Healing as Move Toward Wholeness

As you know, I am fascinated with the etymology or roots of words, one of which is healing, the counterpart to wounding. In its origins the word heal means to make whole. Words with the same origin are health, hale, hail, holy. The terms, sound, safe, and uninjured appear also to be possible meanings of the term. The Latin equivalents are salus and salvus, which carry the similar meanings of safety, help, health, wellness, wholeness. The Greek word therapeia, from which comes our English word, therapy, means healing, in the sense of curing form disease, but also means to attend, do service, take care of.
To heal then means to move towards wholeness, to transform in some way the elements of brokenness or illness within us, within our relationships, within our society. Healing involves in some ways the overcoming of hurt, the healing of wounds.
Spiritual writer, Henri Nouwen, makes a valuable distinction between care and cure as pathways to healing. “Care” he says,  has the same roots as the word “compassion.” They derive from the Celtic word “cara” which means to cry out with, to enter the suffering of another. The words “care and “compassion” are exactly the same. To care, he adds, is to be with people when and where they hurt. Out of that care, cure can be born,  If cure is not undergirded with care, he stresses, it can be more harmful than helpful.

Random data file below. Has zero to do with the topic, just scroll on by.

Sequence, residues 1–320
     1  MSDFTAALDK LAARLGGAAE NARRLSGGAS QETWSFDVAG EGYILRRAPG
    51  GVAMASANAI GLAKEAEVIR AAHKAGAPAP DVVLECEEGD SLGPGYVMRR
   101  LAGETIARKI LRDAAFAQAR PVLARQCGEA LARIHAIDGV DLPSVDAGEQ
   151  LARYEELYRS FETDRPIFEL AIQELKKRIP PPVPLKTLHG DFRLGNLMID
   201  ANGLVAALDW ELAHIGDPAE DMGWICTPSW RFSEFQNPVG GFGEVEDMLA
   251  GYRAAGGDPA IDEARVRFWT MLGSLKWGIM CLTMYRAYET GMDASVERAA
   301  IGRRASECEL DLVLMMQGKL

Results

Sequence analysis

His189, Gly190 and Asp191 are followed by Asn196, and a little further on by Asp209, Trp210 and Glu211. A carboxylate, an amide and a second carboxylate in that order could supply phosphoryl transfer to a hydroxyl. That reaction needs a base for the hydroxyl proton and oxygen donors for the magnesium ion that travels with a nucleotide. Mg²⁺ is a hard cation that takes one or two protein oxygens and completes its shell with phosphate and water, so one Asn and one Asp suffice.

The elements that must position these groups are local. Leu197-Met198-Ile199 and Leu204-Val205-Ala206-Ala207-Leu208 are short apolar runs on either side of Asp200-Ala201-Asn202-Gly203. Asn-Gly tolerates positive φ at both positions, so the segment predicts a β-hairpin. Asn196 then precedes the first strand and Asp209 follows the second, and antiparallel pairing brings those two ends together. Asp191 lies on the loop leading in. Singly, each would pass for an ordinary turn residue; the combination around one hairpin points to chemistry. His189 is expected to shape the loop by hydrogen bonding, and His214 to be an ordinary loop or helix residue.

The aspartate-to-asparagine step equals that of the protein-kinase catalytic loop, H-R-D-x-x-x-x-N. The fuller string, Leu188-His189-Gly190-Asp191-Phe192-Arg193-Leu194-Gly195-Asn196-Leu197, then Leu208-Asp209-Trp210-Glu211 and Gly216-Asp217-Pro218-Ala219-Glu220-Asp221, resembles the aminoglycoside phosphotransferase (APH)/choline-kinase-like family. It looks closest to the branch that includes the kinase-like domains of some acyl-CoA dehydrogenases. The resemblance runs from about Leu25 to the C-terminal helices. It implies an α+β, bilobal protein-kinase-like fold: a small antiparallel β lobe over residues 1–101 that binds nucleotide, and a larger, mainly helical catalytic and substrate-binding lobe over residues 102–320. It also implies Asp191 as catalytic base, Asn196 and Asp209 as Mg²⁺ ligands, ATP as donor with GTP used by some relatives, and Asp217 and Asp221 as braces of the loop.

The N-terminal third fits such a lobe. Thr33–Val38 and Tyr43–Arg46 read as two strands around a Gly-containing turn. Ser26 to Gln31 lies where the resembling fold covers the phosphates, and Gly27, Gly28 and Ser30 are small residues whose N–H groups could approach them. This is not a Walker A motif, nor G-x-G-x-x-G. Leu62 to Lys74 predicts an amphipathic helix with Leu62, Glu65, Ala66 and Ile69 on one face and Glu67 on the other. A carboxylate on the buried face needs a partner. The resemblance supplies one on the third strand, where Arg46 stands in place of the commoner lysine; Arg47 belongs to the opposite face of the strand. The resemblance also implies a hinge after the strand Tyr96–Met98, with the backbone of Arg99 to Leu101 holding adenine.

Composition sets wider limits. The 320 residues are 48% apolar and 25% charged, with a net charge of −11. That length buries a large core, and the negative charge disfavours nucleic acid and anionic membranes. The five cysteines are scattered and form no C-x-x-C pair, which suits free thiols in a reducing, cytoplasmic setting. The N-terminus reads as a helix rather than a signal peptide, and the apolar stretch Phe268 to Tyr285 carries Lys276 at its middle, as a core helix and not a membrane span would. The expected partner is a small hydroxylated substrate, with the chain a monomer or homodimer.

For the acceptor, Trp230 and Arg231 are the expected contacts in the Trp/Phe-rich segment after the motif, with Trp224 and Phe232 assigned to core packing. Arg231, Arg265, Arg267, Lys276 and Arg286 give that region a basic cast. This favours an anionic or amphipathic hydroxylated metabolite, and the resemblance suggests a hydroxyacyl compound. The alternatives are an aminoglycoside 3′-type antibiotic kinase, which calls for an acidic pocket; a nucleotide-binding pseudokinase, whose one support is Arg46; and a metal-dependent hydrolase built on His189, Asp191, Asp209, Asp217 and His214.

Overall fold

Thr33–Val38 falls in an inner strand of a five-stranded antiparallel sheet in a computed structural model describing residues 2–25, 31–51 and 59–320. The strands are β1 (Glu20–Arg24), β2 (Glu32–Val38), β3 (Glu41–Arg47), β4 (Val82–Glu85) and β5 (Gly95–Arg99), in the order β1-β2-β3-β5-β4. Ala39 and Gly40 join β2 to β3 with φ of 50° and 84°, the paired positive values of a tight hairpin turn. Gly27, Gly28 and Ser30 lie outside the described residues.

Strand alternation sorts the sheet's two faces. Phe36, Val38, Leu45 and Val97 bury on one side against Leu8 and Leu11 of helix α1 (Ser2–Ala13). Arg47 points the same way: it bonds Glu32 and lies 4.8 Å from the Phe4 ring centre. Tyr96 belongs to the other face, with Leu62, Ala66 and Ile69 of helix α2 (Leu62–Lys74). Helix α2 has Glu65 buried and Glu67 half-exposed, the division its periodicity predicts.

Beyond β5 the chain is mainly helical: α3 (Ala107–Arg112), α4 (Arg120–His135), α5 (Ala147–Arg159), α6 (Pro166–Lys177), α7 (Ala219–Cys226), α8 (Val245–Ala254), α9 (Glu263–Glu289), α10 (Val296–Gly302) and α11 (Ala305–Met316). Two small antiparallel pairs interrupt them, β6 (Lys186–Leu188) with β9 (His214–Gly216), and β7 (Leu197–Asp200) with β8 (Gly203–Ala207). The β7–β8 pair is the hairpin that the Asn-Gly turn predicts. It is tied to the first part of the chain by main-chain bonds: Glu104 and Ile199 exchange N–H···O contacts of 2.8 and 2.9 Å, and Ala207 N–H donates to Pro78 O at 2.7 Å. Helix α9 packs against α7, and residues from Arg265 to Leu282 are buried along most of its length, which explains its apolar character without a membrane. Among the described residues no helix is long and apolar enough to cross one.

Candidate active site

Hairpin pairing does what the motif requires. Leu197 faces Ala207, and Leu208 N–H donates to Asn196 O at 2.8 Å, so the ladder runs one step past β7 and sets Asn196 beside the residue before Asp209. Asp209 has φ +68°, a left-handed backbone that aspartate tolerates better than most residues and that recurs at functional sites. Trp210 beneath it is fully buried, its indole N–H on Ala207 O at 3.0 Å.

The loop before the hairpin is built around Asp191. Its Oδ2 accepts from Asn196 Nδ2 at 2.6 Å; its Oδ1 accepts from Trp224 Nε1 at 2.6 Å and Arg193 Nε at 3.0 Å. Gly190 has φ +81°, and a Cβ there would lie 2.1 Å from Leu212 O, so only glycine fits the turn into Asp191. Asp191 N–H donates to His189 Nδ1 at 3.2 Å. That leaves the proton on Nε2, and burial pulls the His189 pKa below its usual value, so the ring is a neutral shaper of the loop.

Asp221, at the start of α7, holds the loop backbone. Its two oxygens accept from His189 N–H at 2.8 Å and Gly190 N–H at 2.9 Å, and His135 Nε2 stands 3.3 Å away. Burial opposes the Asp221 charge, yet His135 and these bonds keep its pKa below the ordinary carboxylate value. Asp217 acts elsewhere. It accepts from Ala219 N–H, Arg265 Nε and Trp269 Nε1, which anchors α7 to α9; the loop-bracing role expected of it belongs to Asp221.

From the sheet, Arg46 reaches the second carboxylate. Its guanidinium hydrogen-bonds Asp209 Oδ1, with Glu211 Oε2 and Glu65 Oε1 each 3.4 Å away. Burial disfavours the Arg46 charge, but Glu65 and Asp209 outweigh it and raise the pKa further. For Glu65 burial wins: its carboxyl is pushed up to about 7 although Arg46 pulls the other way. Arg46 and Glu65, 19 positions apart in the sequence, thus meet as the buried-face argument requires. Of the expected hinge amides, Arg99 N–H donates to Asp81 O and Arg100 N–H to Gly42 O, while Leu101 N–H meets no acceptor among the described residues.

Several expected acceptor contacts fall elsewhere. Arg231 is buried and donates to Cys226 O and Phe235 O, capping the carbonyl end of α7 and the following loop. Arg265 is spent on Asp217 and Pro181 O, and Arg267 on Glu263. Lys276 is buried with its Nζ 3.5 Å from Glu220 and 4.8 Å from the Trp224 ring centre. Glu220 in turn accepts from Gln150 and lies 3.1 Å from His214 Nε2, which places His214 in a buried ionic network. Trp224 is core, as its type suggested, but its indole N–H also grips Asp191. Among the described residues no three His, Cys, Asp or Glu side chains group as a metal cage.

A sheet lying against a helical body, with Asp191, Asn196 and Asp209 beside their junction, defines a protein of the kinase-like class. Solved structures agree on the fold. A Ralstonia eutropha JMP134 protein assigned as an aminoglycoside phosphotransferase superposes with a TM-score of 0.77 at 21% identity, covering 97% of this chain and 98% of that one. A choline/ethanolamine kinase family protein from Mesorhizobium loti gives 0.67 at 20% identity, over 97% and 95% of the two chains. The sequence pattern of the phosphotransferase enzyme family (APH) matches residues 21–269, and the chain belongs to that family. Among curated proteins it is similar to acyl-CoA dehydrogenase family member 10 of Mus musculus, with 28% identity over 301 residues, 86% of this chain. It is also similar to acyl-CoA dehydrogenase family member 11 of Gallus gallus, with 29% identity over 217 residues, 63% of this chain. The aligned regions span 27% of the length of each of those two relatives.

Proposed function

Many people are so-called “cured,” Nouwen suggests, but hurt on a much deeper level because they have never been taken seriously by others. By paying attention only to cure, some persons may forget simply to be with people in a way which allows cure to take place. He later notes that the people who have been most meaningful to us are not the people with the solution but the people who stick it out with us even though there is no solution.
In an article on suffering, physician, Eric Cassell says that attention to physical illness alone can actually increase rather than decrease suffering. He understands suffering as any threat to the intactness or wholeness of the person. Along lines similar to Nouwen, he stresses the importance of compassionate attention to the patient as an individual, with their own life experiences, relationships, values, and stories. In short, healing means response to a person in their uniqueness and totality.
We suggested before that we follow a script or storyline in our lives of which may not even be aware. Any kind of loss or suffering can challenge or undermine that script, as it does in the play, Death of a Salesman and in the novel, Something Happened. We have suggested that it is essential to discover a script, a way of looking at life, that takes into account the whole complexity of our lives, its joys and sorrows, its successes and failures, yet at the same time maintains its ultimate sacred worth. In this sense, it is possible to have a meaningful life that includes suffering. It is possible to move towards healing and wholeness, even if parts of us are broken by illness, loss, or even betrayal. As Viktor Frankl insists, suffering is an inevitable part of life and if there is meaning in life there must be meaning in suffering.